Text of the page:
His readers will remember an incident from their own childhood when the blogger relates a memory. They might look more closely at the other riders on the train after the blogger describes his impressions of a fellow commuter. They will click back and forth between blogs and analyze each blogger's point of view in a multi-blog conversation, and form their own conclusions on the matter at hand. Reading the views of other ordinary people, they will readily question and evaluate what is being said. Doing this, they may begin a similar journey of self-discovery and intellectual self-reliance.
The promise of the web was that everyone could publish, that a thousand voices could flourish, communicate, connect. The truth was that only those people who knew how to code a web page could make their voices heard. Blogger, Pitas, and all the rest have given people with little or no knowledge of HTML the ability to publish on the web: to pontificate, remember, dream, and argue in public, as easily as they send an instant message. We can't seriously compare the creation of the World Wide Web itself with the availability of free technology that allows anyone with a web browser to express their unique, irreproducible vision to the rest of the world...can we?
In September of 2000 there are thousands of weblogs: topic-oriented weblogs, alternative viewpoints, astute examinations of the human condition as reflected by mainstream media, short-form journals, links to the weird, and free-form notebooks of ideas. Traditional weblogs perform a valuable filtering service and provide tools for more critical evaluation of the information available on the web. Free-style blogs are nothing less than an outbreak of self-expression. Each is evidence of a staggering shift from an age of carefully controlled information provided by sanctioned authorities (and artists), to an unprecedented opportunity for individual expression on a worldwide scale. Each kind of weblog empowers individuals on many levels.
So why doesn't every bookmark list contain five weblogs? In the beginning of 1999 it really seemed that by now every bookmark list would. There was a bit of media attention and new weblogs were being created every day. It was a small, quick-growing community and it seemed to be on the edge of a wider awareness. Perhaps the tsunami of new weblogs created in the wake of Pitas and Blogger crushed the movement before it could reach critical mass; the sudden exponential growth of the community rendered it unnavigable. Weblogs, once filters of the web, suddenly became so numerous they were as confusing as the web itself. A few more articles appeared touting weblogs as the next big thing. But the average reader, hopefully clicking through to the Eatonweb portal, found herself faced with an alphabetical list of a thousand weblogs. Not knowing where to begin, she quickly retreated back to ABCnews.com.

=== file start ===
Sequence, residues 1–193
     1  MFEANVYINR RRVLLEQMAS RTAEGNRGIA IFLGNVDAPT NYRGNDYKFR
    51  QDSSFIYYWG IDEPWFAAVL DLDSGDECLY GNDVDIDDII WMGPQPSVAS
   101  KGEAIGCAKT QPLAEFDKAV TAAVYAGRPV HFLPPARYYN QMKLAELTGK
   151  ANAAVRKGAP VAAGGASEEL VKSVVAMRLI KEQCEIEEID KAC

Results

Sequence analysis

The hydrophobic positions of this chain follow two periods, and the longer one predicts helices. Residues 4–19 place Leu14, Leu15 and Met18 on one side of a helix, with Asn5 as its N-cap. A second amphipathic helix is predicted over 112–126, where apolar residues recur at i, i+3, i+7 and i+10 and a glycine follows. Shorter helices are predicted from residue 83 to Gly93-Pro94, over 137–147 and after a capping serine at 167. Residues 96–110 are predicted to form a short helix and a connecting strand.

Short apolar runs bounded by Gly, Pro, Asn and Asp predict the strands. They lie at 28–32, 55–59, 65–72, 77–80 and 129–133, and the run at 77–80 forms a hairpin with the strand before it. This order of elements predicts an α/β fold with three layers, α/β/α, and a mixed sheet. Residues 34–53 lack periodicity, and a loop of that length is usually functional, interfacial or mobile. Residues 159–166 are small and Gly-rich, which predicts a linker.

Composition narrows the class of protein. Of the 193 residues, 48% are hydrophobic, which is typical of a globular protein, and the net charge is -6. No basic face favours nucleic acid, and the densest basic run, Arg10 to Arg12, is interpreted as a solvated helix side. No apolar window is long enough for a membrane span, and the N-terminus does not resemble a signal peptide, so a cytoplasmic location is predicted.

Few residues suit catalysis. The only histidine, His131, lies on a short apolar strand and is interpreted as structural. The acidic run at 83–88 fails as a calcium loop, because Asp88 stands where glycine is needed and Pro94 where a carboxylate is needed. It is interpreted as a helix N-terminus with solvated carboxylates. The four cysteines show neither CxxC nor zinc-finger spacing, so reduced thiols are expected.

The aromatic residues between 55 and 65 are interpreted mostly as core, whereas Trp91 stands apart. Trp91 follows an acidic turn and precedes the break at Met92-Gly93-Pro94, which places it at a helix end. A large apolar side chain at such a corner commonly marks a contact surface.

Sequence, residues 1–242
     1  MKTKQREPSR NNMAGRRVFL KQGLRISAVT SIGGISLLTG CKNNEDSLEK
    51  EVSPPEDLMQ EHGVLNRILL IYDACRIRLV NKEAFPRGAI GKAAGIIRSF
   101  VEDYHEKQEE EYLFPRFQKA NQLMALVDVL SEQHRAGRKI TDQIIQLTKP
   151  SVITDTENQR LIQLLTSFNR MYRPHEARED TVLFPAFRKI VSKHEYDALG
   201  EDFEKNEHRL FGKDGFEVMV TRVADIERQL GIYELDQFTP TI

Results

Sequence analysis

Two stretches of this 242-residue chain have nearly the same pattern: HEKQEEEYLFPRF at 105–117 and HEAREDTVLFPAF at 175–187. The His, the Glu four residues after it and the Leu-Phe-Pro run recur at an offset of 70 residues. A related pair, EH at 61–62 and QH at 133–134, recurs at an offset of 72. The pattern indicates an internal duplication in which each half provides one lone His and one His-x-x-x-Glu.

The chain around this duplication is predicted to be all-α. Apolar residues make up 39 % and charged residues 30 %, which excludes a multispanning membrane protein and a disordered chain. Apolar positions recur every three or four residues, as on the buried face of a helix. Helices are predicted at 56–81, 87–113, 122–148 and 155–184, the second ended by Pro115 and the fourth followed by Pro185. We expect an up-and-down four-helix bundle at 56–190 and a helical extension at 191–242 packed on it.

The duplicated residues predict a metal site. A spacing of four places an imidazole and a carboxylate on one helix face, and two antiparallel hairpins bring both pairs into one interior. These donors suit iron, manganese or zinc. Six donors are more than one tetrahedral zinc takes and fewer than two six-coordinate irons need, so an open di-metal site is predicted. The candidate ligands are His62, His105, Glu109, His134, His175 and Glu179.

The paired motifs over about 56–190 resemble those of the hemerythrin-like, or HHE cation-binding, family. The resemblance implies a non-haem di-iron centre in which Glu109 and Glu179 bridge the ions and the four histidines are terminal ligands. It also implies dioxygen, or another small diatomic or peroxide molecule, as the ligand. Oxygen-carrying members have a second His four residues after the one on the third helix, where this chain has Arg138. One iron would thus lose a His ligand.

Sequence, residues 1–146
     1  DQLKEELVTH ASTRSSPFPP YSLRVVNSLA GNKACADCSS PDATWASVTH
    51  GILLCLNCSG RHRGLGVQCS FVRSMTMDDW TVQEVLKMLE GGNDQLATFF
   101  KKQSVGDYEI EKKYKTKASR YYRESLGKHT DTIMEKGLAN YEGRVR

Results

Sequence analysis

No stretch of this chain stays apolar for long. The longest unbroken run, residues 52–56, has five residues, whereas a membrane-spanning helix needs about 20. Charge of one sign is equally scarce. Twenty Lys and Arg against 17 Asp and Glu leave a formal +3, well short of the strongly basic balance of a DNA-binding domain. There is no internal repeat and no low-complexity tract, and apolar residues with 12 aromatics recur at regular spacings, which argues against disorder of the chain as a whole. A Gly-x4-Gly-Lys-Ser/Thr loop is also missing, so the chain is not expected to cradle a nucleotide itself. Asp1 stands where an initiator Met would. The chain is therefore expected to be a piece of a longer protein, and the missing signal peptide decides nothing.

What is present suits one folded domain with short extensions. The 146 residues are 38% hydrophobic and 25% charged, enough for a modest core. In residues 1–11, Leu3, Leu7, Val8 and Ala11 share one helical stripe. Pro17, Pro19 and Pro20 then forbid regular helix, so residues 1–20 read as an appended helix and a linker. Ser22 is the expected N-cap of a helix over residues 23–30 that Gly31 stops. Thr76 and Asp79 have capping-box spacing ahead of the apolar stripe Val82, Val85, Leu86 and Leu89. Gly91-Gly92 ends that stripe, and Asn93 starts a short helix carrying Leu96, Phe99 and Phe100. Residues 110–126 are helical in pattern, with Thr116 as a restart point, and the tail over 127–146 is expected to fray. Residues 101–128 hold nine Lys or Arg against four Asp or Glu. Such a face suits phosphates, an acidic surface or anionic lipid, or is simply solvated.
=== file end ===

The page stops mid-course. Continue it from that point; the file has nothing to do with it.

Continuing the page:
I don't have an answer. In our age the single page website of an obscure Turk named Mahir can sweep the web in days. But the unassailable truth is that corporate media and commercial and governmental entities own most of the real estate. Dell manages more webpages than all of the weblogs put together. Sprite's PR machine can point more man-hours to the promotion of one message--"Obey Your Thirst"--than the combined man-hours of every weblogger alive. Our strength--that each of us speaks in an individual voice of an individual vision--is, in the high-stakes world of carefully orchestrated messages designed to distract and manipulate, a liability. We are, very simply, outnumbered.
And what, really, will change if we get weblogs into every bookmark list? As we are increasingly bombarded with information from our computers, handhelds, in-store kiosks, and now our clothes, the need for reliable filters will become more pressing. As corporate interests exert tighter and tighter control over information and even art, critical evaluation is more essential than ever. As advertisements creep onto banana peels, attach themselves to paper cup sleeves, and interrupt our ATM transactions, we urgently need to cultivate forms of self-expression in order to counteract our self-defensive numbness and remember what it is to be human.
We are being pummeled by a deluge of data and unless we create time and spaces in which to reflect, we will be left with only our reactions. I strongly believe in the power of weblogs to transform both writers and readers from "audience" to "public" and from "consumer" to "creator." Weblogs are no panacea for the crippling effects of a media-saturated culture, but I believe they are one antidote.
citation: Blood, Rebecca. "Weblogs: A History and Perspective", Rebecca's Pocket. 07 September 2000. 12 July 2011. <http://www.rebeccablood.net/essays/weblog_history.html">.